"We are very humbled that the members of the Academy have honored and celebrated such a wide range of Miramax's films over the past ten years," said Harvey and Bob Weinstein. "It is a great tribute to the writers, actors, directors, producers, cinematographers, composers, costume and set designers, editors, sound technicians and everyone else who made these films possible."
In the Bedroom, directed by Todd Field, stars Tom Wilkinson, Sissy Spacek, and Marisa Tomei.
Set on the coast of Maine, In the Bedroom tells the story of a couple whose only child is involved in a love affair that ends tragically and the characters' evolving response to the loss.
"I am grateful to the Academy for acknowledging the film in this way, although I am reluctant to use the word I, because it is we who are grateful--my co-writer, my producing partners, and the actors, whose performances transcended my expectations for these characters in every way," said Todd Field, writer, director, and producer of In the Bedroom.
Academy Award winner Sissy Spacek was nominated for Best Actress for her role as Ruth Fowler in In the Bedroom, for which she also won a Golden Globe and received a BAFTA nomination and SAG nomination. In 1981, Spacek won the Academy Award for Best Actress for Coal Miner's Daughter.
"I am so thrilled to be recognized by the Academy and it makes it so sweet to be nominated along with Tom and Marisa," said Sissy Spacek. "It's wonderful for a film of this nature to get the recognition and support that it has. What a gift."
Tom Wilkinson was nominated for Best Actress for his role as Dr. Mark Fowler in In the Bedroom, for which he also received a BAFTA nomination and a SAG nomination.
"I am very thrilled that all our work on In The Bedroom has been thankfully recognized," said Tom Wilkinson. "And I hope this will encourage more people to see the film."
Marisa Tomei was nominated for Best Supporting Actress for her role as Natalie Strout in In the Bedroom, for which she also received a Golden Globe nomination. In 1993, Tomei won an Academy Award for Best Supporting Actress for My Cousin Vinny.
"I am tremendously excited to be put in the company of my fellow nominee's and to be recognized for a film and a role that I loved so much," said Marisa Tomei. "I am so thankful to the Academy for honoring me in this way."
Amélie received five nominations, including one for Best Foreign Language Film, which is Miramax's 20th nomination in this category over the past 14 years. Amélie was also nominated for Best Achievement in Art Direction, Best Achievement in Cinematography, Best Achievement in Sound and Best Original Screenplay.
Amélie is a fanciful comedy about a young woman who discreetly orchestrates the lives of the people around her, creating a world exclusively of her own making.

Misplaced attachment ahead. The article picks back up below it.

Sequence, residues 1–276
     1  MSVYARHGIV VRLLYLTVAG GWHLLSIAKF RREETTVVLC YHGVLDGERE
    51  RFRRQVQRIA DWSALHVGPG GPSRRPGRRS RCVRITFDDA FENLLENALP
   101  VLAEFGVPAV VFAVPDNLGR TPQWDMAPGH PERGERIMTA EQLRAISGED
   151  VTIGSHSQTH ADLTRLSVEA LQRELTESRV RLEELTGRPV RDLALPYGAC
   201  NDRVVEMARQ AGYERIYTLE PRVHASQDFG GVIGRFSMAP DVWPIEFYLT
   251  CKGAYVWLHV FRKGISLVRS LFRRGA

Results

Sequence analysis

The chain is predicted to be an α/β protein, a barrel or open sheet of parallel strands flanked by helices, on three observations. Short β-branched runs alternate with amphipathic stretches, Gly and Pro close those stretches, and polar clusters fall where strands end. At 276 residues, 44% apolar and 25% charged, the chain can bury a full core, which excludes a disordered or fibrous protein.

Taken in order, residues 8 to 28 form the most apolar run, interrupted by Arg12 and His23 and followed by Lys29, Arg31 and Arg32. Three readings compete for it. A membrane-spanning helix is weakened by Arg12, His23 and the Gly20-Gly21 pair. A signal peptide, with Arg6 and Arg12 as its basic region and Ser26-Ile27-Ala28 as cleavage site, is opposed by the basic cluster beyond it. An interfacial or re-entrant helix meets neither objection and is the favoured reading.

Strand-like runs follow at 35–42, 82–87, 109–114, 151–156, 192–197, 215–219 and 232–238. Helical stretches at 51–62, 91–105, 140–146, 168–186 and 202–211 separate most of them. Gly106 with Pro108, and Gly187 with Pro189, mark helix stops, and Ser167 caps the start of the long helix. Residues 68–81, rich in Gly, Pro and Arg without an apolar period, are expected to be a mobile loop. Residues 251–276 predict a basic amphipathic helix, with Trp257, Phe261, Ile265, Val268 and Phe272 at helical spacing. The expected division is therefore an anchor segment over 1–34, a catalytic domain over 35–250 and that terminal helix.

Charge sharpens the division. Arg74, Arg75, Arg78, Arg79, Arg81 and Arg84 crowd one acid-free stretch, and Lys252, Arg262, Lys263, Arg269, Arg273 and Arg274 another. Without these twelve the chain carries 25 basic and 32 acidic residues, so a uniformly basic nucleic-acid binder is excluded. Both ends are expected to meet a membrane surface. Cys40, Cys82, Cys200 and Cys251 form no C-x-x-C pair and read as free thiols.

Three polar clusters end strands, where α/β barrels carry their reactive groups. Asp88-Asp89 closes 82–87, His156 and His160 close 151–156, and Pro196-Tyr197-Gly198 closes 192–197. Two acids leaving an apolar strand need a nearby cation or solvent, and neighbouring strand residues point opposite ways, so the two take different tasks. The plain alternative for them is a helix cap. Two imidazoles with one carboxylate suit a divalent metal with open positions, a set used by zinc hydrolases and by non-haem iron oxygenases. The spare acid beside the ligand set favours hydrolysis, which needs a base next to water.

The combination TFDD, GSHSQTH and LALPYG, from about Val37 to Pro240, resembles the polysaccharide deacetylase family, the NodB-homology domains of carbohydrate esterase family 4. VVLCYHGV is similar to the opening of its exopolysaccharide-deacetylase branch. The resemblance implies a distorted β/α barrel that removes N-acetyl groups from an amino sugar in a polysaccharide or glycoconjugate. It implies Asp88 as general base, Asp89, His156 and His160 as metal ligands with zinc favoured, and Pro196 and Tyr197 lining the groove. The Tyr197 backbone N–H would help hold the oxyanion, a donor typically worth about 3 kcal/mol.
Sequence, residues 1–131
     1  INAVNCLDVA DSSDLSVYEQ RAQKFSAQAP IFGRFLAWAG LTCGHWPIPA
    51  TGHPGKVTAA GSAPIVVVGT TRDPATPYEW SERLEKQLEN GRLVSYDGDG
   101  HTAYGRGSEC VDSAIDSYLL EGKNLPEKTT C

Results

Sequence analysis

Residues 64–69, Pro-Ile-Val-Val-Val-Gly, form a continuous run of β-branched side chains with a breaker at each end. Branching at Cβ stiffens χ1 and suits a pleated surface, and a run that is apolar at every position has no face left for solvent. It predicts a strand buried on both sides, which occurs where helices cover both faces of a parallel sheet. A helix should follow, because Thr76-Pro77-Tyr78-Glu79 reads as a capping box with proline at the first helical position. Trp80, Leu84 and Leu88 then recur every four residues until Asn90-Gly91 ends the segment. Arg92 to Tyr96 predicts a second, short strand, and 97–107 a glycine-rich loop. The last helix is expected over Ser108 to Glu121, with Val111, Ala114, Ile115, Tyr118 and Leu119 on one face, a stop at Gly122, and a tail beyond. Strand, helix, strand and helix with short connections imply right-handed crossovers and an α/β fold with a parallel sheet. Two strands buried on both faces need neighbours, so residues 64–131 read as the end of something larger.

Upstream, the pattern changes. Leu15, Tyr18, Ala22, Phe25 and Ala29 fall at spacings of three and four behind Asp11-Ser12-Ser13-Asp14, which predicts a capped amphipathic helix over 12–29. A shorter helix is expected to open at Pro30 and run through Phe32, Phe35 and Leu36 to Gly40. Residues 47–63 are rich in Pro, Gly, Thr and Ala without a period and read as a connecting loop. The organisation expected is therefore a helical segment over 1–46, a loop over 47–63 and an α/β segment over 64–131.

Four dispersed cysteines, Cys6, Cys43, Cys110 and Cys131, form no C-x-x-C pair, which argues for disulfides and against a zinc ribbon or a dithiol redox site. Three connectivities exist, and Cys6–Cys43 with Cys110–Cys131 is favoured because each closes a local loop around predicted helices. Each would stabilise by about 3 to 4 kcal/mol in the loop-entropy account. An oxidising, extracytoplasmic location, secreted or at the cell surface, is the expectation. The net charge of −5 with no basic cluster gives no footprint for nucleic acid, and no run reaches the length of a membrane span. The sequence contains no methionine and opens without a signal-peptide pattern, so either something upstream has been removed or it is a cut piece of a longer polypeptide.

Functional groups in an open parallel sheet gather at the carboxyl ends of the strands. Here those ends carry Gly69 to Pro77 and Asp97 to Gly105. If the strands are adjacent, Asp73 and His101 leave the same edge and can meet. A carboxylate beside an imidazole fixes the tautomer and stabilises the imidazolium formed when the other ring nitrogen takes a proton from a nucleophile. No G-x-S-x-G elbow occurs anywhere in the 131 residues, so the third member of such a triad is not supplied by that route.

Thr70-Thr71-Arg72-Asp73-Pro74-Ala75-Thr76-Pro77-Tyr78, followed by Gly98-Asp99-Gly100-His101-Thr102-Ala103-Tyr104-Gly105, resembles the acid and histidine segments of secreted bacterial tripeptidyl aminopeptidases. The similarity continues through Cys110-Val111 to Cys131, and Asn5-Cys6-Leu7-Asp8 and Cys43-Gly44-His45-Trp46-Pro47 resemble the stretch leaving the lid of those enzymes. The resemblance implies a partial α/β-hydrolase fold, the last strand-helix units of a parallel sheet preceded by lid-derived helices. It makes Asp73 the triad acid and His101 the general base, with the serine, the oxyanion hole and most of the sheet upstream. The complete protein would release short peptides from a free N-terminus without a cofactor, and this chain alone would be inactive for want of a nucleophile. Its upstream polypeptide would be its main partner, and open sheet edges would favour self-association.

"I am thrilled and honored that the Academy has recognized this great team who collaborated on Amélie, said Jean-Pierre Jeunet, writer and director of Amélie.
Academy Award-winner and British legend Dame Judi Dench was nominated for Best Actress for her role as Iris Murdoch in Iris. Last year, Dench received a nomination for Best Supporting Actress for Miramax's Chocolat.
"I am very moved to receive this nomination," said Judi Dench. "My performance is very much due to the work of director Richard Eyre and Jim Broadbent, and Richard (Eyre) and Charles Wood, who wrote such a delicate, beautiful film."
Kate Winslet was nominated for Best Supporting Actress for her role as the Young Iris Murdoch in Iris.
"I'm absolutely thrilled and amazed," said Kate Winslet. "I would not have received this nomination if it wasn't for Richard and his brilliant direction. It was enough of an honor to support Judi Dench in this film, and to be nominated along side her and Jim Broadbent, not to mention the other nominees in my category is like all my Christmas's at once."
Jim Broadbent was nominated for Best Actor for his role as John Bayley in Iris.
Renee Zellweger was nominated for Best Actress for her role as Bridget in Bridget Jones's Diary.
"I am shocked, honored, grateful and shamelessly laughing and dancing around my apartment," said Renee Zellweger. "I am just happy--so happy!"
Sting was nominated for Best Achievement in Music (Original Song) for "Until..." from Kate & Leopold, for which he also won the Golden Globe. Last year, Sting was nominated for Best Achievement in Music (Original Song) for "My Funny Friend and Me" from The Emperor's New Groove.
"I'm thrilled and delighted by this honor particularly because it is for the song 'Until...,'" said Sting. "I was sent this film to watch shortly after September 11th at a time when we all felt numb. The movie was filled with love and optimism and inspired me to write a song that would be as romantic and positive as the film itself. I'm pleased that those sentiments have been met with such enthusiasm. Trudie and I had such a wonderful time last year at the Oscar's and I'm glad to have been invited back."